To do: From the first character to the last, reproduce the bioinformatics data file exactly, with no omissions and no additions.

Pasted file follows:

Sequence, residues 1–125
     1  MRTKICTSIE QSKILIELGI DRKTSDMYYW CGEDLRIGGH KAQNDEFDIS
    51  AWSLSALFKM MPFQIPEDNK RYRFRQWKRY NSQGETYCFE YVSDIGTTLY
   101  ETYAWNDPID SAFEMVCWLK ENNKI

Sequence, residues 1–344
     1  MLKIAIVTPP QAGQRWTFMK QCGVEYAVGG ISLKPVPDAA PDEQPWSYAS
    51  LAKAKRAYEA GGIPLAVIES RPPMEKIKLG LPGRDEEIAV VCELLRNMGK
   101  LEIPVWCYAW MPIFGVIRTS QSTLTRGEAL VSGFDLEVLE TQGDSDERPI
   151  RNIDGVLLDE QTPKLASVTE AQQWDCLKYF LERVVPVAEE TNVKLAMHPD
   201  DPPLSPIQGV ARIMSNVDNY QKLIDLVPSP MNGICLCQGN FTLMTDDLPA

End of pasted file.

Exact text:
Sequence, residues 1–125
     1  MRTKICTSIE QSKILIELGI DRKTSDMYYW CGEDLRIGGH KAQNDEFDIS
    51  AWSLSALFKM MPFQIPEDNK RYRFRQWKRY NSQGETYCFE YVSDIGTTLY
   101  ETYAWNDPID SAFEMVCWLK ENNKI

Sequence, residues 1–344
     1  MLKIAIVTPP QAGQRWTFMK QCGVEYAVGG ISLKPVPDAA PDEQPWSYAS
    51  LAKAKRAYEA GGIPLAVIES RPPMEKIKLG LPGRDEEIAV VCELLRNMGK
   101  LEIPVWCYAW MPIFGVIRTS QSTLTRGEAL VSGFDLEVLE TQGDSDERPI
   151  RNIDGVLLDE QTPKLASVTE AQQWDCLKYF LERVVPVAEE TNVKLAMHPD
   201  DPPLSPIQGV ARIMSNVDNY QKLIDLVPSP MNGICLCQGN FTLMTDDLPA